Renewable Energy Policies Change Carbon Emissions Even Under Emissions Trading
Delivering Energy Law and Policy in the EU and the US: A Reader (eds. Raphael J. Heffron and Gavin F. M. Little). Edinburgh University Press (2016).
4 Pages Posted: 7 Feb 2019 Last revised: 5 Jan 2022
Date Written: July 1, 2016
In this chapter we review research that rejects the widely held tenet that renewable energy promotion policies have no effect on carbon emissions if the electricity sector is subject to a cap-and-trade scheme. Specifically, it shows that such policies generally do have a net impact on carbon emissions through inter-industry leakage effects. The results also have ramifications for the empirical assessment of renewable energy policies. Furthermore, there might be considerable long-term effects of changing the energy mix in an economy: deliberately changing the energy mix in the power sector affects baseline emissions, marginal abatement costs and the relative importance of vested interests and lobbying groups. Understanding these channels are important avenues for future research to better understand the true effects of supporting renewable energy on total long-run greenhouse gas emissions in regions subject to a cap-and-trade scheme.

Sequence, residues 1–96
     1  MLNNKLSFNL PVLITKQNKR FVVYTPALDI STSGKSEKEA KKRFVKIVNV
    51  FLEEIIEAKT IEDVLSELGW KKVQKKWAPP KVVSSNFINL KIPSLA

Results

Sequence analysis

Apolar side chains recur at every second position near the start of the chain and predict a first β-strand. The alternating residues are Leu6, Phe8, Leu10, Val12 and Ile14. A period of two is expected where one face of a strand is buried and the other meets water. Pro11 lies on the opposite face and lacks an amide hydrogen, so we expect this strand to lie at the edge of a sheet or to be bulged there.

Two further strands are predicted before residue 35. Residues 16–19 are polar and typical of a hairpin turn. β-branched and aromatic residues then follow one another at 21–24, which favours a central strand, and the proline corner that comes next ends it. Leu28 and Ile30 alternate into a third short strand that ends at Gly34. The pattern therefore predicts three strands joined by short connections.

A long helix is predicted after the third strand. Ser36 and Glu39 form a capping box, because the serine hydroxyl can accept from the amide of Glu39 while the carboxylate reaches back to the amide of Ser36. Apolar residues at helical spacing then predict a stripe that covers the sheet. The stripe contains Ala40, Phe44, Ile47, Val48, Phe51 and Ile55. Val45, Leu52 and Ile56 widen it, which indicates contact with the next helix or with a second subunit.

Keywords: Cap-and-trade, Overlapping instruments, Leakage, Renewable energy, Climate policy, Feed-in tariff, General equilibrium
JEL Classification: D58, H23, K32, Q48, Q54, Q58
Suggested Citation: Suggested Citation